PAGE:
Exclusively breastfed babies can have frequent, watery bowel movements. Ten such poops a day is not unheard of. As long as the baby is content most of the time, drinking well from the breast, and gaining weight, watery poops are usually not a problem. It doesn't matter if there is mucus present, if the poops are green or if there are no “curds” — the baby is usually fine. Keep in mind that it is rare for exclusively breastfed babies to have diarrhea since diarrhea is usually due to infection and it's very unusual for breastfed babies to get gut infections.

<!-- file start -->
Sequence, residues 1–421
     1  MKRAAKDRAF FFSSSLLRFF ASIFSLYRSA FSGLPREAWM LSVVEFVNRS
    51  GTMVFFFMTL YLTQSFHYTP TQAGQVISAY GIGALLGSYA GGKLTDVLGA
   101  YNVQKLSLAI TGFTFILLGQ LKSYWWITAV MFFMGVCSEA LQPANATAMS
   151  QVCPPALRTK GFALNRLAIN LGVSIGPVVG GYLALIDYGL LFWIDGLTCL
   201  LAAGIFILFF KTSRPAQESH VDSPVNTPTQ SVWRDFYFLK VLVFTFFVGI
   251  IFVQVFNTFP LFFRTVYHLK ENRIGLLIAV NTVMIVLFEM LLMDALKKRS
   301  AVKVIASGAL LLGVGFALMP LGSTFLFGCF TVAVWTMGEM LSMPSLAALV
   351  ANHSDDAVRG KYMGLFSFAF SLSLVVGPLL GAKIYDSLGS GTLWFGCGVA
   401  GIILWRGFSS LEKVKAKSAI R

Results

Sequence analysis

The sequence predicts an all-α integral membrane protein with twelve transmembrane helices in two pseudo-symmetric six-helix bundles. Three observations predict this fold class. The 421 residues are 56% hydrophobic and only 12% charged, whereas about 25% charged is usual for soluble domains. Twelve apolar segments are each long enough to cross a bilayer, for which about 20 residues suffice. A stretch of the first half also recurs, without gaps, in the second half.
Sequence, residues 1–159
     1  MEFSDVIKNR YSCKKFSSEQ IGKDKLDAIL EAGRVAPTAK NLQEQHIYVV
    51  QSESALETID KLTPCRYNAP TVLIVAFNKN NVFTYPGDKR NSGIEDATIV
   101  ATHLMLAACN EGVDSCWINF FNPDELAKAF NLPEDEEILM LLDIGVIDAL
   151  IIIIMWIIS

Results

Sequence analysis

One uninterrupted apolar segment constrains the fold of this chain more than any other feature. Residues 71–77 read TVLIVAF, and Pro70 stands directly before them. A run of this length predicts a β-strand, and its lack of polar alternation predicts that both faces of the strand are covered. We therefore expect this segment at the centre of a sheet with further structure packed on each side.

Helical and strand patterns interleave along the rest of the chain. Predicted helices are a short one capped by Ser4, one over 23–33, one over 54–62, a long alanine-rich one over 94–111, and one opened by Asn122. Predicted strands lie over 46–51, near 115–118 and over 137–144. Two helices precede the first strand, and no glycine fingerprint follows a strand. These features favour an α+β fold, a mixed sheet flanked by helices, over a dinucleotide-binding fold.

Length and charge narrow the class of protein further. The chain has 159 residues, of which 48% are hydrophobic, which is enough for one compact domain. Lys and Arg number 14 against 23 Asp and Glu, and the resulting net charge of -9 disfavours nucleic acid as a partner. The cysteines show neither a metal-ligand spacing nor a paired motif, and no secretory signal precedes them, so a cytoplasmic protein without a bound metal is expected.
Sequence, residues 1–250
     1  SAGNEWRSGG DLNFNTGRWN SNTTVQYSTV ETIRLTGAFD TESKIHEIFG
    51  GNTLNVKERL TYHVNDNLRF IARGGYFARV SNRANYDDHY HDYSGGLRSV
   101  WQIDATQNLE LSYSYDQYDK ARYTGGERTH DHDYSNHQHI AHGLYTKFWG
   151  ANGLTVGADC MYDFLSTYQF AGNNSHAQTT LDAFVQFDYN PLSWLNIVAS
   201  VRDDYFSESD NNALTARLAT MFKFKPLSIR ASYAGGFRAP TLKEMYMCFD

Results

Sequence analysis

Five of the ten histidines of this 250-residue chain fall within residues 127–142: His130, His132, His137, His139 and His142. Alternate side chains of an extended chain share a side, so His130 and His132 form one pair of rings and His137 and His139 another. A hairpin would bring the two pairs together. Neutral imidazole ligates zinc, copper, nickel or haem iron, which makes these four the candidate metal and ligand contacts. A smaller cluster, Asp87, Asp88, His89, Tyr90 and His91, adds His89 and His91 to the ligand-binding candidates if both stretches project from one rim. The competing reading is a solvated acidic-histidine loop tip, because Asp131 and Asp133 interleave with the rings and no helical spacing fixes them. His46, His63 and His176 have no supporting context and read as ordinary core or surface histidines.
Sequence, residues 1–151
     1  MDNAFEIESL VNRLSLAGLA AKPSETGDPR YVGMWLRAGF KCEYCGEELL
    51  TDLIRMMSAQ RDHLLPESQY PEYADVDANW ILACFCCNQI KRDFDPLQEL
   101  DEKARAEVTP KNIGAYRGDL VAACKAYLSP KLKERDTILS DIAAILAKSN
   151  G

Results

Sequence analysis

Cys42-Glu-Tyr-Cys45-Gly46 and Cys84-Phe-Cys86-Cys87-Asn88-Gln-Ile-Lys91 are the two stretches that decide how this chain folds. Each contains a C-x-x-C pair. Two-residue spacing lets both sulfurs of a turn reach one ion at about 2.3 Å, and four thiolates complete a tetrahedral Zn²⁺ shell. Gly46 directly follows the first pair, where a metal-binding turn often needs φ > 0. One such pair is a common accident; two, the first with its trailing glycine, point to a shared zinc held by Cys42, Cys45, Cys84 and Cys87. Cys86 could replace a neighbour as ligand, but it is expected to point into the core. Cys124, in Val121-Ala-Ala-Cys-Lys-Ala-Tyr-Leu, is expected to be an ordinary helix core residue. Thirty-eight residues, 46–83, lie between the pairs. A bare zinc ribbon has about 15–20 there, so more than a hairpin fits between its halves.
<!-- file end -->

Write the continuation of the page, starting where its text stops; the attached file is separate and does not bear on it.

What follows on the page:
But, if your baby is unhappy, not feeding well or appears sick, or if there has been any other change in his usual behavior and mood, then he may have a gut infection and diarrhea. Infectious diarrhea usually gets better without any treatment, often by 5 or 7 days after onset; the main concern is dehydration. One of the best ways to maintain hydration is to continue breastfeeding the baby. Too often mothers are told they have to stop breastfeeding a baby with diarrhea. This is not good advice since breastfeeding is the best way to keep your baby properly hydrated.